Nowadays, this is mostly a virtual table with everything the bride and groom would love to be gifted with: Maybe some nice crockery, glasses or even a (!) toaster.

Guests can then select something from that table whatever meets their tast and fits their purse.

This way you don't have to ponder for long and the bridal couple receiveswhat they want!

The registry ofice - no spontaneous wedding

In Germany, all marriages must be performed at a ‘Standesamt’, the registry office.

A spontaneous wedding like in Las Vegas is not possible here … you need to make an appointment to hand in your paperwork first - and that appointment has to take place at least one week before the wedding.

Civil wedding in Germany
die standesamtliche Hochzeit

Fortunately, a registry office doesn’t need to be boring or stuffy. You can find them in beautiful places like castles or manor houses, so each bridal couple can choose their ideal place for the number of guests they wish to invite.

Not that you’d need to have any guests at all – even witnesses are optional these days!

The marriage name

In Germany, women used to take their man's last name.Her own surname then became the "maiden name". All children were then automatically given this surname.

If Herr Schmitt and Frau Meier get married today, they have many options:

  • Herr Schmitt und Frau Schmitt - all children are called Schmitt.

  • Herr Meier und Frau Meier - all children are called Meier.

  • Herr Schmitt und Frau Meier - all children are called Schmitt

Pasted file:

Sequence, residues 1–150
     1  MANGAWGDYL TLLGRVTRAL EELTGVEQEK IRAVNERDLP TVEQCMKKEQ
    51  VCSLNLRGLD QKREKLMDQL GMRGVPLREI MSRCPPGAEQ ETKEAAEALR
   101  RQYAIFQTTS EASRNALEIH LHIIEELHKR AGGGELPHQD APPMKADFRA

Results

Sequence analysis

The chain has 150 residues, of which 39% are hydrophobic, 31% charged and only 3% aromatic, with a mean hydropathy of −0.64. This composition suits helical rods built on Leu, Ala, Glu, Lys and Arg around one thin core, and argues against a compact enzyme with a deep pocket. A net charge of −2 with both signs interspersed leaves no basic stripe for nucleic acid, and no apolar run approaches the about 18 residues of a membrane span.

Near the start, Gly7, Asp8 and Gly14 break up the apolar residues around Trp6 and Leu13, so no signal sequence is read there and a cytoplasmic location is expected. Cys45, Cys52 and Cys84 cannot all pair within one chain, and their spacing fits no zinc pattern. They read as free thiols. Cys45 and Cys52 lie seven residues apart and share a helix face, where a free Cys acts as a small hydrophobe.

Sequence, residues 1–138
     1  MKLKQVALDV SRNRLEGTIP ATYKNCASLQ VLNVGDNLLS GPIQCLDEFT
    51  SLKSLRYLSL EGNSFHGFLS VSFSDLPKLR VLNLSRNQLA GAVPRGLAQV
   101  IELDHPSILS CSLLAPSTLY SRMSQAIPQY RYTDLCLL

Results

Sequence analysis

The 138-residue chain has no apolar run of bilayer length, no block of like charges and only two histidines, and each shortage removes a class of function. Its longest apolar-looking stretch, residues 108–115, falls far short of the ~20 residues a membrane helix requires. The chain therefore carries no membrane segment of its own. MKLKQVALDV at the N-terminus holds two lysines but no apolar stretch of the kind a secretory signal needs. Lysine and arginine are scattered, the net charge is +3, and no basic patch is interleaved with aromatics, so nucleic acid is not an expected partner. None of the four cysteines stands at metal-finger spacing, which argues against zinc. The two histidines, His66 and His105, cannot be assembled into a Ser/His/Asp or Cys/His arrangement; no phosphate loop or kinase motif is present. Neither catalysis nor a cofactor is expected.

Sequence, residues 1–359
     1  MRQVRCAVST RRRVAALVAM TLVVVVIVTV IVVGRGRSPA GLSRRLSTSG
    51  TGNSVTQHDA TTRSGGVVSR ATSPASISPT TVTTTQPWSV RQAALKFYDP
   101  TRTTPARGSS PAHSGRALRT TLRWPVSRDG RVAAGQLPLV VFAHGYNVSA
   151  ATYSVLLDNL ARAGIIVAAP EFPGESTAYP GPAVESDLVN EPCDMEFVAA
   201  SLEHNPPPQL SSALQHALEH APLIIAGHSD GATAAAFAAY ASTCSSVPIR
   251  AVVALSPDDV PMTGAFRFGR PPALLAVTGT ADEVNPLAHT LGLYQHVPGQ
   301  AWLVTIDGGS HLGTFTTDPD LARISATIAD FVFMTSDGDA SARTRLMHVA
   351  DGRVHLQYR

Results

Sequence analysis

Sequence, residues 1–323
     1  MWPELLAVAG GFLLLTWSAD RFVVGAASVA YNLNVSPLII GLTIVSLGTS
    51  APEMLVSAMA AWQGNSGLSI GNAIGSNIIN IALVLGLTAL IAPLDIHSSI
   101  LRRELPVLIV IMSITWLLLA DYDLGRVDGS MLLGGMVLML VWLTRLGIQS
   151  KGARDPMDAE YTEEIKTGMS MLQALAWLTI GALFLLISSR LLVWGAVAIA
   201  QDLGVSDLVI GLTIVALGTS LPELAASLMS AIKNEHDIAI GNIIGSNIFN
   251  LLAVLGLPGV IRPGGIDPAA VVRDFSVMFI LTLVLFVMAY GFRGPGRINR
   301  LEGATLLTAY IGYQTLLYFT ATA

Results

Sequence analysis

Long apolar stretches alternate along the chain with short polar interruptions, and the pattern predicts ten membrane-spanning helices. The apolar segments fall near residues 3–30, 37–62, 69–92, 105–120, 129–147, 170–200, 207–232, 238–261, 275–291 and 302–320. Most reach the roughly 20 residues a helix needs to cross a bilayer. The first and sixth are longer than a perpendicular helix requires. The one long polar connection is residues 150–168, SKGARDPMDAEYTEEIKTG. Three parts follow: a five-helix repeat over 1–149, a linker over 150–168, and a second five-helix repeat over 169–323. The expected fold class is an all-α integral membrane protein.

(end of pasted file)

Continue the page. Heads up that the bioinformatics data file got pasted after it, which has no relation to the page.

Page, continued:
• Herr Schmitt und Frau Meier - all children are called Meier

  • Herr Schmitt und Frau Schmitt-Meier /Meier-Schmitt - all children are called Schmitt

  • Herr Schmitt-Meier / Meir-Schmitt und Frau Meier - all children are called Meier

The name given to the children is the family name.

The church wedding

A church wedding is optional -but for many people the registry office is more of a formality and the wedding ceremony in the church is the “real” wedding.

kirchliche Trauung in Deutschland

In Germany, about 27% of the population belong to the Catholic Church and about 25% to the Evangelical Church.If one spouse is Catholic and the other is Protestant, there are also ecumenical marriages where two pastors (from both churches) hold a service together.

The night before the wedding

The groom is not allowed to see the bride on the morning of the wedding - otherwise it will bring bad luck!Even if you're not superstitious... you don't have to take any risks, right?

That is why bridal couples usually spend the night before the wedding separately and only meet at the wedding ceremony.

The white bridal dress

What does a bride look like?

When you think of a bride, you think of a beautiful, long, white dress.

das Brautkleid

A bride who wants to get married in church is certainly looking forward to the dress of her dreams - preferably with a veil and maybe even long, white gloves.

You don't need to have a bridal dress at the registry office.

But for some brides, this is a perfect reason to choose two wedding dresses at once!

Of course, the groom is not allowed to see the wedding dress(es) before the wedding!

The bridal bouquet

Of course, the bride also needs a color-coordinated bridal bouquet.

Just before midnight, the female unmarried guests gather behind the bride. The bride then tosses the bouquet over her head into the crowd. The one who catches the bouquet can rejoice: she will be the next bride.

Flower children

Once the ceremony is over and the couple exits the church (or registry office), the flower children make their grand entrance.

Often they are nephews, nieces or godchildren of the bride or groom.

They too are dressed in festive clothes: the girls wear a white dress and the boys wear a small suit.